Figure 9: BrahmsVE web-browser based components

Figure 9 above illustrates the new interface to the BrahmsVE environment produced in this Phase I project. The 3D window represents the viewpoint of a third participant within the virtual ISS model. In this case we, the viewer, are positioned behind the PSA agent, as it establishes a line of sight view with the astronaut agent, in which has just repositioned across the module. The virtual PSA has presented us the following iconic views: the top icon representing that the astronaut has observed the PSA and the bottom icon representing that the PSA is in a wait state and able to respond to a command.

Above and below the 3D view are two text output windows. The top window reports all Brahms action commands and resultant actions and reports from the agents in the virtual environment. The text output buffer below the 3D window reports internal agent state (such as PSA remaining at station keeping as shown in this example).  To the right of the screen is two panels for controlling and reporting on the simulation, described below.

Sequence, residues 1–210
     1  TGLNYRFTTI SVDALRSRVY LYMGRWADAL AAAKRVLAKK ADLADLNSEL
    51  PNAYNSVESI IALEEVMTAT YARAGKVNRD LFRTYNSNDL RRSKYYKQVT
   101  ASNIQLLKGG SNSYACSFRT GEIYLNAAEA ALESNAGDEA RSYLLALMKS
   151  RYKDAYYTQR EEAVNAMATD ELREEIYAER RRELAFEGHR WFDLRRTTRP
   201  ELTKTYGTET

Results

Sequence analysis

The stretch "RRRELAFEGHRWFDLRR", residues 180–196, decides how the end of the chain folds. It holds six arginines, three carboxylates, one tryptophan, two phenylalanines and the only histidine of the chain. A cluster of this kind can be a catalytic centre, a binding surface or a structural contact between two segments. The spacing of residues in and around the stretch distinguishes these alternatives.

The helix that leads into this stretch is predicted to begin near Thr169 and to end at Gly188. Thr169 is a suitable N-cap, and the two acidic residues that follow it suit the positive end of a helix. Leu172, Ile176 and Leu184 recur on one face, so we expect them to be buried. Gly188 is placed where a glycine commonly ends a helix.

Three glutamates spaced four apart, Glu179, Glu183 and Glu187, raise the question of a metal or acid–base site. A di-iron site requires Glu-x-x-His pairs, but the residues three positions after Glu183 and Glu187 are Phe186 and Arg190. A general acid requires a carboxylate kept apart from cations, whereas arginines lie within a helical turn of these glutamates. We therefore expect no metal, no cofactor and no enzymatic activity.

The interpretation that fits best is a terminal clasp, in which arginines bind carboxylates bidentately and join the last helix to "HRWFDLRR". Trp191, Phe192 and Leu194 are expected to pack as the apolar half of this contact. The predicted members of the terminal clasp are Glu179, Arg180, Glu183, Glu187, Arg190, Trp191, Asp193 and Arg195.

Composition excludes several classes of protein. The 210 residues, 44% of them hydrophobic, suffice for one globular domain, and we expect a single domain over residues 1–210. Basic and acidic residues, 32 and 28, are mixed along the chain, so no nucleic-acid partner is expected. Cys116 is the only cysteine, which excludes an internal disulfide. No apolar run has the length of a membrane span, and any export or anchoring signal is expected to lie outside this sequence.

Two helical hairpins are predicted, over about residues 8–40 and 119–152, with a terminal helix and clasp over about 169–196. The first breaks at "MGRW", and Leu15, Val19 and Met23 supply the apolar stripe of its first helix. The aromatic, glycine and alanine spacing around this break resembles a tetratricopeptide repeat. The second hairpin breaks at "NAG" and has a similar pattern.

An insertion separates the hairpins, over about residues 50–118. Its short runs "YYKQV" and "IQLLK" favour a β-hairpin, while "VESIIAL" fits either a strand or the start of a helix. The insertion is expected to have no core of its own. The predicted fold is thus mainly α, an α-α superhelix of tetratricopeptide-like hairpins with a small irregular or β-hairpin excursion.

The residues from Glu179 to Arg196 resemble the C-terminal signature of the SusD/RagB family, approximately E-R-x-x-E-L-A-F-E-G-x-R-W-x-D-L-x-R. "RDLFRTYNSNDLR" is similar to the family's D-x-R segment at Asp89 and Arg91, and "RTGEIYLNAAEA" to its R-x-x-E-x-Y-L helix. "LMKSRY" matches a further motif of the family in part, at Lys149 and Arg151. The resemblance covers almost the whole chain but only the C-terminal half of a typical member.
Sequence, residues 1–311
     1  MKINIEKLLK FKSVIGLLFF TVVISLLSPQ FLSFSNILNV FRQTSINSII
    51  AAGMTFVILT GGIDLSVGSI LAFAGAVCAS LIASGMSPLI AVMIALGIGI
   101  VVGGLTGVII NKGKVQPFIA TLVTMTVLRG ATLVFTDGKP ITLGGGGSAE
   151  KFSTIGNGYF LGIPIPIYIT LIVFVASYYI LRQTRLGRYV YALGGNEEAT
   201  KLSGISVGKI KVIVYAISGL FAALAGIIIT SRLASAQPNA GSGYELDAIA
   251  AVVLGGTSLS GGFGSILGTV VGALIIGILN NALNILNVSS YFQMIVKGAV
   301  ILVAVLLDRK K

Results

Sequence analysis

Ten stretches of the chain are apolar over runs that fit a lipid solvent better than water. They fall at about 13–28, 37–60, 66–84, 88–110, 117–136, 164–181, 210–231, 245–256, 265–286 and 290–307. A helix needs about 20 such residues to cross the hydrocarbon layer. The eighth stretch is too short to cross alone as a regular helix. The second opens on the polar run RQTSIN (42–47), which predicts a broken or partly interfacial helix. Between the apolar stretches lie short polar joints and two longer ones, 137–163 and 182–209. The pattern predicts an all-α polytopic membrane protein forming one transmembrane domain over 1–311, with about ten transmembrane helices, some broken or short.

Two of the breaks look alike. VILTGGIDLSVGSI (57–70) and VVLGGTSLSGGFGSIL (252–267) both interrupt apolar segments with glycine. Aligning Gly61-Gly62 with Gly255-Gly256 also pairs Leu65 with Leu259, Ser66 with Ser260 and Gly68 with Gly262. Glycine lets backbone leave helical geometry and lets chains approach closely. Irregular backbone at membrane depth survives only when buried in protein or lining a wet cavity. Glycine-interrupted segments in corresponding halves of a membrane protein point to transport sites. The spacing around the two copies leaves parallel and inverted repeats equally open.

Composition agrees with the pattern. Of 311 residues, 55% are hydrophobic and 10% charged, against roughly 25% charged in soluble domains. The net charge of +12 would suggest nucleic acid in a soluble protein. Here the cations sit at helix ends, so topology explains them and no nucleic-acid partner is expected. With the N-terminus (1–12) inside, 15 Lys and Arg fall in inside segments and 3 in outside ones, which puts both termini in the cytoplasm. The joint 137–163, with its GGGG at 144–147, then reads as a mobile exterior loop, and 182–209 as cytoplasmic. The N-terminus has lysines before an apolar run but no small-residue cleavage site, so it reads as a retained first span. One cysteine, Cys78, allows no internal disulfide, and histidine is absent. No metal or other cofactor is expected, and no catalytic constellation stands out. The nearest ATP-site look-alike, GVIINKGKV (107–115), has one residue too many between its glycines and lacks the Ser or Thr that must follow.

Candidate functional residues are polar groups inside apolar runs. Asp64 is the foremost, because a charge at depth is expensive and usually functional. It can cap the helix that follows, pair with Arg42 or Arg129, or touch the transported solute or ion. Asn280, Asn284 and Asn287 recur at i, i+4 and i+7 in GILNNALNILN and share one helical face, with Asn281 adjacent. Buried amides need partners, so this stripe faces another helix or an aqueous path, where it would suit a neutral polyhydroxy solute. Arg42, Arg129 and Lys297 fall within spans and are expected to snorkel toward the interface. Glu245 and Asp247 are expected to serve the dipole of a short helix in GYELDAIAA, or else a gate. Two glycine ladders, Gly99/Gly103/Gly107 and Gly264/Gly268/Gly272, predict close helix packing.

Figure 10: BrahmsVE Control Panel
PSA Search – Commands PSA to search for object randomly placed aboard the station (wrench, drill or flashlight)

Status Bar – Show additional status pane (rightmost controls)

Status Page, Syntax File, Help File, History – simulation documentation

Camera Views – PSA point of view and three other fixed cameras aboard the virtual ISS

Advanced – Move allows operator to place the three tools at a specific location within the virtual station

GUI Mode

This toggle changes the method used for displaying the status icons for the Agents. In GUI Mode, the icons are always the same size, and always visible.

Mouse Look